A function \(f\) from a set \(A\) to a set \(B\) is a relation \(AfB\) such that for every \(a \in A,\) there is exactly one pair \((a,b) \in f.\)

Instead of writing \(AfB,\) we write \(f:A \rightarrow B.\) Instead of writing \((a,b) \in f,\) we write \(f(a) = b.\)

What is a relation?

### Examples On Finite Sets

Let \(A = \{1,2,3\}\) and \(B = \{w,x,y,z\}.\) The relation \(f = \{(1,w), (2,y), (3,w)\}\) is a function from \(A\) to \(B.\) Using the notation above, we would define the function as follows:
\[f:A \rightarrow B\]
\(f(1) = w, f(2) = y, f(3) = w.\)

The relation \(f = \{(1,y),(2,z),(3,w),(1,x)\}\) is not a function. By definition, a function from \(A\) to \(B\) must have exactly one pair for each element of \(A\) but \(f\) has two pairs for the number \(1.\)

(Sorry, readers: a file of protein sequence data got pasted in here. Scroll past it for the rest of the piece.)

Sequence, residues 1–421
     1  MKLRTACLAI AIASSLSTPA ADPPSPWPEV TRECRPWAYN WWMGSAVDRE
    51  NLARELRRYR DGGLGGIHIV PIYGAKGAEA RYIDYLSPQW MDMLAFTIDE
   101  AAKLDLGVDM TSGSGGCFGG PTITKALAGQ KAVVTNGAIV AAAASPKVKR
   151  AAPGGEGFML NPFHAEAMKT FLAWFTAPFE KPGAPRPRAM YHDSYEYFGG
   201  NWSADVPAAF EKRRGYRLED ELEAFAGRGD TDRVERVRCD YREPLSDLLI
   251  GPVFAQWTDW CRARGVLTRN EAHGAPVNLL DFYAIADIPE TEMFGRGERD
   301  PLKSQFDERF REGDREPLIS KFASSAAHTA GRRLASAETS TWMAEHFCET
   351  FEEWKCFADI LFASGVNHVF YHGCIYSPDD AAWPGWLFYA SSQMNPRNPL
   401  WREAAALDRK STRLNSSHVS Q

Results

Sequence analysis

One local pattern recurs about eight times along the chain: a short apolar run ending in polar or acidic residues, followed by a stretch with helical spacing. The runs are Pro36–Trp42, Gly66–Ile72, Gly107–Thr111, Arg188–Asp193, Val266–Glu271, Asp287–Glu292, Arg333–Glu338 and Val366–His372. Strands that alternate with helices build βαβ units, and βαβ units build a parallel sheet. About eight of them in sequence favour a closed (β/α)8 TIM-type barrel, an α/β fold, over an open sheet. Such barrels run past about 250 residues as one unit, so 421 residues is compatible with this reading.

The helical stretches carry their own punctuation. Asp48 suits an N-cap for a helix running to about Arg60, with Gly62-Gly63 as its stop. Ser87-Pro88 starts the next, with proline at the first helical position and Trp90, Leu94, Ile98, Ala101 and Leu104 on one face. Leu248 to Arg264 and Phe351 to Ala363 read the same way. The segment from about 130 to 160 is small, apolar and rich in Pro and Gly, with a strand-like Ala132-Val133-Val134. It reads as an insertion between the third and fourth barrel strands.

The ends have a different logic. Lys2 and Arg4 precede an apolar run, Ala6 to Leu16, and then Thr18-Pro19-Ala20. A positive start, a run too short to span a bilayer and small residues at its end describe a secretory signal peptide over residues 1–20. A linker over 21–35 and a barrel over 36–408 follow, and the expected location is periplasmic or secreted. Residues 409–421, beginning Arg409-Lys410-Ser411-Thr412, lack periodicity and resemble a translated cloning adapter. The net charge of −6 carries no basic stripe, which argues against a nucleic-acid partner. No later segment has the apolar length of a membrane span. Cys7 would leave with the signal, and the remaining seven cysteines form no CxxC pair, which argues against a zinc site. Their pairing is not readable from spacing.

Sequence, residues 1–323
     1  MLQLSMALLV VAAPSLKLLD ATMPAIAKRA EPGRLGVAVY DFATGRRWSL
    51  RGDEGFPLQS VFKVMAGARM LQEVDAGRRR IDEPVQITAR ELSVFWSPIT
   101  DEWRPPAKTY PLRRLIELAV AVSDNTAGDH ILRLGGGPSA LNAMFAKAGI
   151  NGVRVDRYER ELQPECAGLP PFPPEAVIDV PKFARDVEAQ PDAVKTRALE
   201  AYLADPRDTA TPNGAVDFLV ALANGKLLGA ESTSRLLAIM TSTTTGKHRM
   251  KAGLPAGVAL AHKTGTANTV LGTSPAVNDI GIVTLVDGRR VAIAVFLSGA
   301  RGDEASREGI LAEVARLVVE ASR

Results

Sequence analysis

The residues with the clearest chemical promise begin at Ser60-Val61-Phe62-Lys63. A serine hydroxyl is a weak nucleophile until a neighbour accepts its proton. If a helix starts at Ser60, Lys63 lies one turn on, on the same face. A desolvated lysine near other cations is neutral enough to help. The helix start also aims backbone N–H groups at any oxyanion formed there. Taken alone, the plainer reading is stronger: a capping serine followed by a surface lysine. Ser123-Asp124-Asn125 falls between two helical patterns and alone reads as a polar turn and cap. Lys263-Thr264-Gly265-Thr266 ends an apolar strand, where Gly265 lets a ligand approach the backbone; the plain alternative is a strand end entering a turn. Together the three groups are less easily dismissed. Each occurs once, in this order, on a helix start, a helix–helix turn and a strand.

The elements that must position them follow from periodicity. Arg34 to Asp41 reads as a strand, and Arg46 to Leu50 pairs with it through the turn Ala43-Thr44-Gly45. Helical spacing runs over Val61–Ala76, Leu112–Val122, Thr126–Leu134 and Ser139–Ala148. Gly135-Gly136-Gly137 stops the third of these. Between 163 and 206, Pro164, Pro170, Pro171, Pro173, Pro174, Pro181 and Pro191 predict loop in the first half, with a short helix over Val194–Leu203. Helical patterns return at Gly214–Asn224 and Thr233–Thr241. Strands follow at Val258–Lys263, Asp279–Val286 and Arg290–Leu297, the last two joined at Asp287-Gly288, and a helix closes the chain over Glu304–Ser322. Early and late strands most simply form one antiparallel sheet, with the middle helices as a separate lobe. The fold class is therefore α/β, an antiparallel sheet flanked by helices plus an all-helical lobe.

The relation \(f = \{(1,z),(2,x)\}\) is not a function. By definition, a function from \(A\) to \(B\) must have exactly one pair for each element of \(A\) but \(f\) has no pairs for the number \(3.\)

### Examples On The Real Numbers

The relation \(f\) from \(\mathbb{R}\) to itself defined by \(\{(x,x^2) : x \in \mathbb{R}\}\) is a function. In particular,
\[f: \mathbb{R} \rightarrow \mathbb{R}\]
is defined by \(f(x) = x^2.\) You can compute \(f\) when given a particular number:
\[f(2) = 4, f(-1) = 1, f(5) = 25\]
Every input has exactly one output.

On the other hand, \(f(x) = \sqrt{x}\) is not a function on \(\mathbb{R}\) because there is no number \(y\) in \(\mathbb{R}\) such that \(f(-1) = y.\) By definition, a function on \(\mathbb{R}\) must have exactly one pair for element of \(\mathbb{R}.\)